When they did get the range right, the shells used to arrive with a noise like the arrival of a train accompanied by loud explosions. They were usually fired in salvos of six shots at the time and all would arrive in the same second. It was strange to hear the shells land and, in the half of a second following, the sound of their flight going in the opposite direction. The projectiles travelled faster than the sound. The reason that we heard the guns a couple of seconds prior to the arrival of the shells was because the sound travelled in a straight line while the shell went a few miles up before descending on us. On occasions when they landed short of us we would see the dust and smoke fly up and then the sound of explosions and the rest would arrive. Shells passing overhead made a harsh whistling sound. It was said that if you could hear the shell in flight it had already missed you. It was the one that you didn't hear that got you. That would be the truth.
While we were waiting outside Bardia we were joined by a Machine Gun Unit equipped with Vickers machine guns. For those not too familiar with weapons, it is the one which feeds its ammunition into the gun on a long belt and is capable of extended bursts of fire and, in use, is mounted on a tripod. It is water cooled. The unit was a company of a famous British regiment, the Northumberland Fusiliers, a unit with history going back a couple of hundred years. They were all professional soldiers and made us realise that by comparison we were raw recruits.
Vickers machine gun
Their Sergeant, Sammy Hurst had been in the army over twenty years, most of it overseas whilst the Corporal had almost twenty years service. The men had all recently completed a full term of duty in India and were about to embark for home when war was declared. Instead of home they went to Abyssinia to fight the Italians. They were not particularly happy at the delay in reaching home. From Abyssinia they moved to support us in the desert. They were fine soldiers and moved with us into Bardia but as Vickers guns are primarily a defensive weapon they did not get a lot of opportunities to take part in the actual fighting.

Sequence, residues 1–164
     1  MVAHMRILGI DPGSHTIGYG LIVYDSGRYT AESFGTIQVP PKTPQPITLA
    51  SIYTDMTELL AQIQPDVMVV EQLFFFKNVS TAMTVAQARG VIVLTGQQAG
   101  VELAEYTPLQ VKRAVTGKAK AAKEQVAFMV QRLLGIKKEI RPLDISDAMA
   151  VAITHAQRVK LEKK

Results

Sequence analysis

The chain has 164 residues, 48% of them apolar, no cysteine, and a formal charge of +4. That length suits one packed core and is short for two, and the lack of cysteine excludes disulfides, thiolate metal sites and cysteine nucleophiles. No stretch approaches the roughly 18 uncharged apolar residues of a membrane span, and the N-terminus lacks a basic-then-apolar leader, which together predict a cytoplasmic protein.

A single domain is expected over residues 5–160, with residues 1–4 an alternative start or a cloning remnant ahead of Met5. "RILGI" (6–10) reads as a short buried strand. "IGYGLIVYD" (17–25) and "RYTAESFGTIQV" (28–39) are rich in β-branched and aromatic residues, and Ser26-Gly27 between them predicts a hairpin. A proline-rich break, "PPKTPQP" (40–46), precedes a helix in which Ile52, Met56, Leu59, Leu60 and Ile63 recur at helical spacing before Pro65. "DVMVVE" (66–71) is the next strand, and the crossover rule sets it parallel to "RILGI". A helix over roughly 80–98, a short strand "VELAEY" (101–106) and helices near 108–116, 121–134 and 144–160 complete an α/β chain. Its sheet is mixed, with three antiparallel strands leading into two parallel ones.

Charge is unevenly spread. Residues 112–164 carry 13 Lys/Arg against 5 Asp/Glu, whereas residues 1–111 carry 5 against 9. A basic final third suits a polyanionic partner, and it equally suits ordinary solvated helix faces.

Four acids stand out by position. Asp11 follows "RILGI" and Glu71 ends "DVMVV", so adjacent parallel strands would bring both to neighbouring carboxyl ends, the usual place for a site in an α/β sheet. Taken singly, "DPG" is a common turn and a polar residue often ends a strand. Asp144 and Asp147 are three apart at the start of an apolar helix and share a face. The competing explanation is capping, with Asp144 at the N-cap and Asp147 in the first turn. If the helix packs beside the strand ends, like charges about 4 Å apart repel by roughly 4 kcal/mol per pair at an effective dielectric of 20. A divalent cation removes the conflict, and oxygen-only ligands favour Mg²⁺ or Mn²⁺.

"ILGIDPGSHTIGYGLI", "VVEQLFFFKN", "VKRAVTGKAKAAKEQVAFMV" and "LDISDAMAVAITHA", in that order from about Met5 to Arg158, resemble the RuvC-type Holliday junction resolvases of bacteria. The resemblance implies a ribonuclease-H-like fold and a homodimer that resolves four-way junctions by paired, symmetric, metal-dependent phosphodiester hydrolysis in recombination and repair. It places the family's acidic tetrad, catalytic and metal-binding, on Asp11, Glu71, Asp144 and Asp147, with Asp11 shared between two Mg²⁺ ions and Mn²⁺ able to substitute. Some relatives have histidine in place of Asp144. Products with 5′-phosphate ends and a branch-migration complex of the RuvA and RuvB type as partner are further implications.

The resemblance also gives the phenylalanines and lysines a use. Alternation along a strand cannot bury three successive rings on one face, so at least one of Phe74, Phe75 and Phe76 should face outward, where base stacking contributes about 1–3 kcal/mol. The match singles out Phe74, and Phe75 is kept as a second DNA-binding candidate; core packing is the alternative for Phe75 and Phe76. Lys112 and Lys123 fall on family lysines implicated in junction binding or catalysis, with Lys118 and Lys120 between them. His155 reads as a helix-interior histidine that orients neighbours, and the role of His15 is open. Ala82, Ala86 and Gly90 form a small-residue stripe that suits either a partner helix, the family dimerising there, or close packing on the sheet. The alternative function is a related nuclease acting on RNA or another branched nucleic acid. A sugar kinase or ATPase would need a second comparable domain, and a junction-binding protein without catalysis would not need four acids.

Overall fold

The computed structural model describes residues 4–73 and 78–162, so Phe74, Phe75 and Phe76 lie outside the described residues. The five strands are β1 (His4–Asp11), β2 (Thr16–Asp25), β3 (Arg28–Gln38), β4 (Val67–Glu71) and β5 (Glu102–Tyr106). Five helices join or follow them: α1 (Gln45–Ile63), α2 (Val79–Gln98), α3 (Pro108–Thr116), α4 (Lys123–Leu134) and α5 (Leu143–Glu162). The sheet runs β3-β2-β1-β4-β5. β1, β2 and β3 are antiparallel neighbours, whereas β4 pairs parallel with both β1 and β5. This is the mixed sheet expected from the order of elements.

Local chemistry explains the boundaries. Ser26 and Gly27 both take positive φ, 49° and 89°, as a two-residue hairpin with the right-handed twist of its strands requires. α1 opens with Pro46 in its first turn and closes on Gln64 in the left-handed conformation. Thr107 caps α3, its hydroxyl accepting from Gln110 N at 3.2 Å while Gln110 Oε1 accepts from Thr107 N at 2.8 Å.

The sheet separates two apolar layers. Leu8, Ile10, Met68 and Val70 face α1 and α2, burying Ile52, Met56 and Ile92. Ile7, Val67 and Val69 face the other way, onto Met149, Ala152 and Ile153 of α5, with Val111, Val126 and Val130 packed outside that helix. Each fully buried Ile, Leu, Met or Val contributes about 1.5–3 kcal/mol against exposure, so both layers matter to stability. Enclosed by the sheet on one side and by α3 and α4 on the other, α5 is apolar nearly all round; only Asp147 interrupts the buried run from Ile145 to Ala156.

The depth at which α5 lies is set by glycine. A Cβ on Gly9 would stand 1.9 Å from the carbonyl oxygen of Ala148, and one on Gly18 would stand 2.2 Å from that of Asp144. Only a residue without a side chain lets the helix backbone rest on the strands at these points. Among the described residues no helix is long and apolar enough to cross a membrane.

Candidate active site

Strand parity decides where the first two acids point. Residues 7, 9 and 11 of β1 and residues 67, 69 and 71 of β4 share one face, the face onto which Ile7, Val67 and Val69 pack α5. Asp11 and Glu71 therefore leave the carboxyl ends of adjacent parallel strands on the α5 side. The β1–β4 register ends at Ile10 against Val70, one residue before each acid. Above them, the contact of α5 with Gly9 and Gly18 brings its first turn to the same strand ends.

As the enemy artillery was continually trying to range onto us we had to keep movement above ground to a minimum during daylight. We still received a fair few shells but so long as they could not get proof of where their shots were falling in relation to our positions, they could only probe the area. Most shells landed where there were no troops. One shell, either by luck or good judgement, landed on our Company Quarter-master's store. The sergeant was half buried under soil, rocks and groceries. His worst injury was where a can of evaporated milk, descending from where it had been blown into the air, landed on his forehead. He said later that he watched fascinated as the tin fell but was unable to move out of the way because of all the stuff on top of him. A few days in hospital, then he was back on the job. In spite of the daily and even hourly shelling we had remarkably few casualties. I can only remember a couple in our Company.